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MJC to host annual African-American Education Conference
Coach Carter inspiration to provide keynote address
Coach Ken Carter
Ken Carter, who was the coach of the Richmond High School basketball program from 1997-2002 and the inspiration behind the movie Coach Carter will be the keynote speaker during the upcoming African American Education Conference at Modesto Junior College. - photo by Photo Contributed

A high school basketball coach who benched his entire team in hopes of getting them to improve their grades and whose story was the inspiration behind the 2005 film “Coach Carter” will be the keynote speaker during Modesto Junior College’s upcoming African-American Education Conference

 “I want people to understand that you must educate yourself, to be accountable, to have integrity, as well as empower them to move in the right direction,” said Ken Carter, who coached the Richmond High School basketball program from 1997 to 2002. “You have to be a great follower before you become a great leader. You have to be a part of the team.”

Carter made news when he locked out his undefeated varsity basketball team in order to push them to improve their grades. Carter not only closed the Richmond High School gym, but he banned all basketball-related activities and was prepared to cancel the entire season program, because 15 of the 45 players were not living up to the classroom achievements they agreed to meet in contracts they signed earlier in the semester. Carter is an advocate for Richmond’s youth and is active in his community, and recognizes the advantages inherent in a sound sports program.

In October 2000, Carter announced his plans to travel from Richmond High School to the steps of the California State Capitol in Sacramento. Using only a kick scooter, Carter traveled for three days to Sacramento hoping to draw awareness to the deteriorating state of schools and the need for students, parents, teachers, and school board officials to commit to making a difference.  His efforts proved successful, and subsequently Richmond High received building enhancements and computers from the Office of the Secretary of Education.

Carter is owner and operator of Prime Time Publications and Prime Time Sports, as well as a motivational speaker and author.  His achievements have been recognized with Harvard Club’s Distinguished Secondary Educator Award, NAACP’s Impact Citizen of the Year Award, California State Lottery/Governor Gray Davis’ Heroes in Education Award, San Francisco Mayor, Willie Brown’s Leadership Award, California’s Unsung Heroes Award, and the A.N.G. California Boy’s Coach of the Year Award.  He has been presented with a proclamation from the City of Richmond and was honored as a recipient of CityFlight Newsmagazine’s the “Ten Most Influential African Americans in the Bay Area” for 2000 in the sports category.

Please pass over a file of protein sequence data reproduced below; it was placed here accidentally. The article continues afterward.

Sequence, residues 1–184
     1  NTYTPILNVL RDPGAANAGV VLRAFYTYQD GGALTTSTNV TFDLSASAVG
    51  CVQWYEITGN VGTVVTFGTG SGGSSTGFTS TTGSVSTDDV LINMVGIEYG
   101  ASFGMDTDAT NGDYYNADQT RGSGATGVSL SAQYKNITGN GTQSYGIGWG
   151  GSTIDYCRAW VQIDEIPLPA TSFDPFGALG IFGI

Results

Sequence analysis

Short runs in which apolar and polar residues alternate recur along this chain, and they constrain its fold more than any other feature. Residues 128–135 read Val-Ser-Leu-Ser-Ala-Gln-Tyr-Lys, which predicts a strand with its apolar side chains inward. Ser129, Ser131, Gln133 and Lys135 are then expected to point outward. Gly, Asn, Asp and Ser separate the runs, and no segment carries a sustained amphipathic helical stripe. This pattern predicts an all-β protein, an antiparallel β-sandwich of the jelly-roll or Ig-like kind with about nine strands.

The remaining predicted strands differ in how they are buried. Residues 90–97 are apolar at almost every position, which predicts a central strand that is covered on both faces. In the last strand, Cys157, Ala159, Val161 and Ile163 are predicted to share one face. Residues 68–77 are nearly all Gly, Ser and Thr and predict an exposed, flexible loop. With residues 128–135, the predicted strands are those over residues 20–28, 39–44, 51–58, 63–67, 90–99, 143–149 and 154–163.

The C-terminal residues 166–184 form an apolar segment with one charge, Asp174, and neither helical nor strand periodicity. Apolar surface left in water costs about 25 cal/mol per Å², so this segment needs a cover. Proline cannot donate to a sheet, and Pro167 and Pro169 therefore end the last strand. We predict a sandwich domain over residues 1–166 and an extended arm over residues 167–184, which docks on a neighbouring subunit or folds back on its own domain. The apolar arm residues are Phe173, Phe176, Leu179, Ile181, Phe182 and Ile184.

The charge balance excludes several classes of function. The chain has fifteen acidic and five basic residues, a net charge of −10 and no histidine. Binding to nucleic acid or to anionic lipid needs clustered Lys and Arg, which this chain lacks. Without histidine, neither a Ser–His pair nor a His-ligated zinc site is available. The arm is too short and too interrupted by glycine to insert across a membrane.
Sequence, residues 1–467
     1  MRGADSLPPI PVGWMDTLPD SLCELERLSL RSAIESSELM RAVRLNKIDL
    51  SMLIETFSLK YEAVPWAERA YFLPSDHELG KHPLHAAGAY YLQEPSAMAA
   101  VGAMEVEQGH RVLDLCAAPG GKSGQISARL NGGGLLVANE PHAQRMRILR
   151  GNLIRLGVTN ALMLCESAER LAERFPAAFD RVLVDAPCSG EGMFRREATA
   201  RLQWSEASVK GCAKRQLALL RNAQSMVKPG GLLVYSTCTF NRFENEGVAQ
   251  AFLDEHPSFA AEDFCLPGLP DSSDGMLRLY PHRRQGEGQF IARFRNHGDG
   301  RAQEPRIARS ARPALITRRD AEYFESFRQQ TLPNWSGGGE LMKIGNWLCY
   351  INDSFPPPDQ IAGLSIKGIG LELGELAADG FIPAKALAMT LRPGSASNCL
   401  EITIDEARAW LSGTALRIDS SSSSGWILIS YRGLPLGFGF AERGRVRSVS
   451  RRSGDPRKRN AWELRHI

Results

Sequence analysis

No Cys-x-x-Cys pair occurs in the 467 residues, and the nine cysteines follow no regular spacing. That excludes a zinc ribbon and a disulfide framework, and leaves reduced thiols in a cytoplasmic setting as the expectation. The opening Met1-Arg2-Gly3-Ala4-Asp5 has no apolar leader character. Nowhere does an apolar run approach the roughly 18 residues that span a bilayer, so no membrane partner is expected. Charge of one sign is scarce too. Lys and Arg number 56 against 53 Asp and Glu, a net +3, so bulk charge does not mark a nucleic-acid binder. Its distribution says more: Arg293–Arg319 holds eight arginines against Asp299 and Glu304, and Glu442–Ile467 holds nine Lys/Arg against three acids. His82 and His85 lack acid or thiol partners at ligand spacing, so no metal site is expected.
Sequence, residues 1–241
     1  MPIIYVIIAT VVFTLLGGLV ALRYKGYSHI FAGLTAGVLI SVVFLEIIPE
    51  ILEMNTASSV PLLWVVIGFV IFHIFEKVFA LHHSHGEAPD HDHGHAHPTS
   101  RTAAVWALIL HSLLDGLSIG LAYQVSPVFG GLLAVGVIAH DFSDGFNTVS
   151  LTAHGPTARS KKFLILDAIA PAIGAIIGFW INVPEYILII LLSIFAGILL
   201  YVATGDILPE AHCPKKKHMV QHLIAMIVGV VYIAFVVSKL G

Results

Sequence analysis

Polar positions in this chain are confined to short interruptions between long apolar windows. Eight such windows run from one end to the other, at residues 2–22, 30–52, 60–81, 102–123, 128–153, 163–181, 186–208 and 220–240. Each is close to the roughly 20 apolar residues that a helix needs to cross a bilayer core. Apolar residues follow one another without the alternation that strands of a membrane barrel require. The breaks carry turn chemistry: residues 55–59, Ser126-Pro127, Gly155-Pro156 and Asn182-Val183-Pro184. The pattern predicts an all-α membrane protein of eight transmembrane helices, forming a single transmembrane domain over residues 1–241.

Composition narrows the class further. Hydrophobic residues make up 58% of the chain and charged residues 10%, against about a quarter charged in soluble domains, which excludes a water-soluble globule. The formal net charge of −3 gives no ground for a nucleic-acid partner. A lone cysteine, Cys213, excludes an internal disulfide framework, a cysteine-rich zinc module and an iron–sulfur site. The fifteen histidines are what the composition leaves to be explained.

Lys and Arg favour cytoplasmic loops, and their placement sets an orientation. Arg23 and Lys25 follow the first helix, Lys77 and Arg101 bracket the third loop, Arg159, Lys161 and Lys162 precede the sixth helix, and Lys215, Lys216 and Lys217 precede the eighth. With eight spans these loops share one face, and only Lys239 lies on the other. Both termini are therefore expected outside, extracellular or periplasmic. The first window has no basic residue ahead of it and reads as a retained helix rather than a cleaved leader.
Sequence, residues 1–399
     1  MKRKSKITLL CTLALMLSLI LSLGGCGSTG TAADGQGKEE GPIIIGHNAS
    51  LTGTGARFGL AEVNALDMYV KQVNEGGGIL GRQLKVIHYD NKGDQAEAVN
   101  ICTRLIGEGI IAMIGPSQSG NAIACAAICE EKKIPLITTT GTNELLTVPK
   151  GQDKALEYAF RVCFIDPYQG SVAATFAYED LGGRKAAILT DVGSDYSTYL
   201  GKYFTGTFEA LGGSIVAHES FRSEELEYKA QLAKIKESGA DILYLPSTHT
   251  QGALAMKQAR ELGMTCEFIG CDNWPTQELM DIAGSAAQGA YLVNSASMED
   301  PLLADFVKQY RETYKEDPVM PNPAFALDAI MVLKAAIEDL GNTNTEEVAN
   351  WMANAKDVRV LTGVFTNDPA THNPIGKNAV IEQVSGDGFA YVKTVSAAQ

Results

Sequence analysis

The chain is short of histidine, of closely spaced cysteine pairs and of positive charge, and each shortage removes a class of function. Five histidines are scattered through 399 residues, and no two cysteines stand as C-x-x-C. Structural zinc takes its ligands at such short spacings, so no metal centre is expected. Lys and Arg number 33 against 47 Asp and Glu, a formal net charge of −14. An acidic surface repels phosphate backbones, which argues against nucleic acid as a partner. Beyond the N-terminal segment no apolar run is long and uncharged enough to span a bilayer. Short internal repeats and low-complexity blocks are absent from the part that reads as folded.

Carter’s address will be just one feature of MJC’s African-American Education Conference. Catered to students ages 13 to 21 and their parents, the free conference will be geared towards encouraging them to stay in school, plan for college and develop skills that will ensure student success. Throughout the day, participants will engage in workshops on civil rights history, attending MJC and leadership. Entertainment will include Sister Khemya and The Local Express Tour.

 “I think it’s crucial in our community to make sure students have a place to go where they feel welcomed and have a chance to be successful,” said Associate Dean of Campus Life and Student Learning Bryan Marks. “MJC has a long, long history of being an equitable and diverse institution, so attracting more students to our institution would be incredible.

“Some of these students could be thinking that college is not for them, but after hearing from Coach Carter and being exposed to MJC, hopefully they’ll understand college is absolutely for them,” continued Marks.

Although the African-American Education Conference has been a rooted tradition at MJC for at least 15 years, Marks said that this is the first year it was entirely planned and funded by the student body.

“Our office had traditionally done it through a committee, but students this year took it upon themselves,” said Marks. “ASMJC Senator Stephanie Pierce put the entire program together and she has done an amazing job. The event is fully funded by the student body. Every dollar is coming from them.”

The MJC African-American Education Conference is scheduled from 9:30 a.m. to 3 p.m. on Feb. 27 in the Mary Stuart Rogers Student Learning Center on West Campus, 2201 Blue Gum Avenue in Modesto. Check-in will begin at 8:30 a.m. Although conference admission and parking are free, pre-registration is required in order to guarantee participants a complimentary continental breakfast and lunch.

For more information or to register, call 575-6700 or email (include AAE Conference in the subject line) by Monday.